A reprint that puts Hitler’s words in context could be helpful for students, Luckert said.
“With critical commentary that contextualizes the book, that explains where these ideas come from — the insidious nature of those — I think that can be very helpful for people to understand something about those words and what they mean,” he said. “In a world in which you have a lot of hate, a lot of anti-Semitism, a lot of racism being propagated through various forms of media, I think it’s important to confront those in meaningful ways.”
“Mein Kampf” was never banned in the U.S. but remains banned in Austria and the Netherlands. In France, publisher Fayard will print a French version of the book.
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LANCASTER, Pa. – As people debate allowing Syrian refugees to enter the United States, Farhan Al Qadri and his family are actually doing it.
The Al Qadris — Farhan, his wife Muna, and four of their nine children — moved to the United States in June. Their first glimpse of the U.S. was the inside of JFK Airport in New York, before they were shuttled to the farmlands of Lancaster, Pennsylvania, where they now live in a three-bedroom rowhouse in the heart of the city.They are part of the fallout of a grueling nearly five-year civil war in Syria that has killed more than 200,000 people and forced millions from their homes.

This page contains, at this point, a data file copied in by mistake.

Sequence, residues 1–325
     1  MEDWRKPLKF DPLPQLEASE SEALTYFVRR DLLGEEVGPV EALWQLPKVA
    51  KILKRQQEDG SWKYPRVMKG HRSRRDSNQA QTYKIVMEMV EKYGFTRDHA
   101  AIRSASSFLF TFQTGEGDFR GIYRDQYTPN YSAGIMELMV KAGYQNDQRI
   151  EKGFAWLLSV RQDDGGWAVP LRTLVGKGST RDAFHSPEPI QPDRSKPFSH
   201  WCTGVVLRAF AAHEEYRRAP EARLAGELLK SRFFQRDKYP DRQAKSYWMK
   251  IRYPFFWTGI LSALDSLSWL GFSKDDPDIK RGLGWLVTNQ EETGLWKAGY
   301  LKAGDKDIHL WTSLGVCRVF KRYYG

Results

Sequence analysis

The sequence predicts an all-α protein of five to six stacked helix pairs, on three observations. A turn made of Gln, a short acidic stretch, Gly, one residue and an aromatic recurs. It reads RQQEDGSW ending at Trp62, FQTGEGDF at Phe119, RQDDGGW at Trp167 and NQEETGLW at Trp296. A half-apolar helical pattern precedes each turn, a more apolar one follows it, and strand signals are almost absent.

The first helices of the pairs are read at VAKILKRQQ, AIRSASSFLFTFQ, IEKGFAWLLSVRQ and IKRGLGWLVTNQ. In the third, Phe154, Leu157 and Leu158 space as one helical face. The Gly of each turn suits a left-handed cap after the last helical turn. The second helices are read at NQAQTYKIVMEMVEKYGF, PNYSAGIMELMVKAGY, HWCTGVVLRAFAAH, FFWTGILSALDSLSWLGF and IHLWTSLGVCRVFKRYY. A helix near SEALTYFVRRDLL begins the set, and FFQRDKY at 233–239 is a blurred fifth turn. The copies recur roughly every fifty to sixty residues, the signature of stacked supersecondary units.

The Al Qadris fled their hometown of Daraa in southwestern Syria with the few clothes they could carry after their house was caught in the crossfire between government and rebel forces.
Sitting on a flower-patterned sofa one afternoon in December, Farhan Al Qadri scrolled through photos on his phone showing the busted windows of his family’s whitewashed home in Syria, lamenting what they left behind that day in August 2012 when they had to cross the border into Jordan.
The family is safe now in Pennsylvania, but face a whole new set of challenges in a foreign land. He shakes his head at a water leak above the window in the kitchen, where his wife is making a huge batch of yogurt and fresh soup with onions and spinach for dinner.